The prosthesis is particularly suitable for knee joint replacement. In such a case, the second or tibial part can be formed with a suitable recess for the anterior and/or posterior cruciate ligament. The prosthesis can readily be shaped to provide such a recess or room for these ligaments, which has the advantage that the important function of the cruciate ligaments for proper knee movement is retained.
The free path length of movement upon translation depends essentially on half of the difference in width between the guide track portion or guide groove portion and the coupling portion, as well as the radii of the concave side walls of the groove portion and the coupling portion, respectively. There is a positive correlation, that means, the free path length increases at increasing difference in width and/or absolute size of the radii.
As an example, the translatory extent of the guide track is assumed to be 15 mm. The radius of the outer side wall of a guide track portion in form of a groove is selected at 50 mm. This is suitable for a knee joint. The width difference then can be 1.13 mm. In a free translatory movement path of 25 mm, and a radius of 70 mm--which is rather high--the width difference may be 2.25 mm. In both cases, thus, the lateral play or freedom is within the limits of tolerances, which are normal for a stable knee joint. The lateral play or gap of the coupling portion in the guide groove, at the narrowest point, preferably is in the range of between 0.5 to 3 mm.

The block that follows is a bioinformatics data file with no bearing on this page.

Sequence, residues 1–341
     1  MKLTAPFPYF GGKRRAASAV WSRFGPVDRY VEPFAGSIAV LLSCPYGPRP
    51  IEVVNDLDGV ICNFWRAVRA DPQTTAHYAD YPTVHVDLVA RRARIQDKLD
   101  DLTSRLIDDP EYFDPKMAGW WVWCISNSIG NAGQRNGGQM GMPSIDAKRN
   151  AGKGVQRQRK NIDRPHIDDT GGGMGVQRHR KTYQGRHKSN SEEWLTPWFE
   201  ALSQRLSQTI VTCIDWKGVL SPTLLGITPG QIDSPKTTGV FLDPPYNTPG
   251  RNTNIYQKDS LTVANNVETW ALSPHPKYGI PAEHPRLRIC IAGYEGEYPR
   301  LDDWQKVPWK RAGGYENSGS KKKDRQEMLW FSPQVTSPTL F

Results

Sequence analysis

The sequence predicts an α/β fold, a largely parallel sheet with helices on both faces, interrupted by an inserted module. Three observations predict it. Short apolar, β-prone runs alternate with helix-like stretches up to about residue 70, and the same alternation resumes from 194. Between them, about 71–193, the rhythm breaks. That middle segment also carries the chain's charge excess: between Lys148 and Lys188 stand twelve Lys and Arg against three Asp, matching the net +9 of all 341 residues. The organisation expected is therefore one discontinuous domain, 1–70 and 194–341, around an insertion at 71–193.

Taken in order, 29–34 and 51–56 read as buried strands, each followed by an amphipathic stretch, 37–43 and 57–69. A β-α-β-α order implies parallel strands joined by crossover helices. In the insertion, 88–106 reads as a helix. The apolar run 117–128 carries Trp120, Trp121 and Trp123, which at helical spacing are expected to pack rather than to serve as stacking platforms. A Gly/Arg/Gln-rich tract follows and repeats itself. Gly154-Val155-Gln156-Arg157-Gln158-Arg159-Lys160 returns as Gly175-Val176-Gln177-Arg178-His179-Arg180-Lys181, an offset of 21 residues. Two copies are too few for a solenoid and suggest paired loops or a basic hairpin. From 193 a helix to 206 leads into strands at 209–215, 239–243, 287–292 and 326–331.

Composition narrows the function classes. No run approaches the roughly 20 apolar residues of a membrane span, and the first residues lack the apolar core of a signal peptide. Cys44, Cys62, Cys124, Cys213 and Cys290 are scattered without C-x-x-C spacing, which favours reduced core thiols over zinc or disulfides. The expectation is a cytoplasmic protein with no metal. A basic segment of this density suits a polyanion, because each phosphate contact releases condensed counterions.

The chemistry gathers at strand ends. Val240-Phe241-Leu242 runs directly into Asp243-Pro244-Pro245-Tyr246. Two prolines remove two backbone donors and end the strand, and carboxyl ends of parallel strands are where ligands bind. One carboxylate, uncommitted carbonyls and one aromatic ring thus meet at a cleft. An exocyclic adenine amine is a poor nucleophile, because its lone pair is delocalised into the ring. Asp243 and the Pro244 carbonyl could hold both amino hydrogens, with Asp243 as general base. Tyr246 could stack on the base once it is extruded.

In accordance with a suitable embodiment of the invention, the radius of curvature of the outer side wall of the groove is approximately 3 times the radius of curvature of the inner side wall. This dimensioning results, directly, in anterior and posterior expansion or widening of the guide track, which then will result in the desired freedom of movement for the coupling portion and hence the intermediate part in its movement between anterior and posterior direction. The radius of curvature of the outer side wall of the coupling portion is, preferably, about half the radius of curvature of the outer side wall of the groove. The curves may be elliptical or have other shapes; a circular curve is preferred, however, since it is the easiest to fabricate.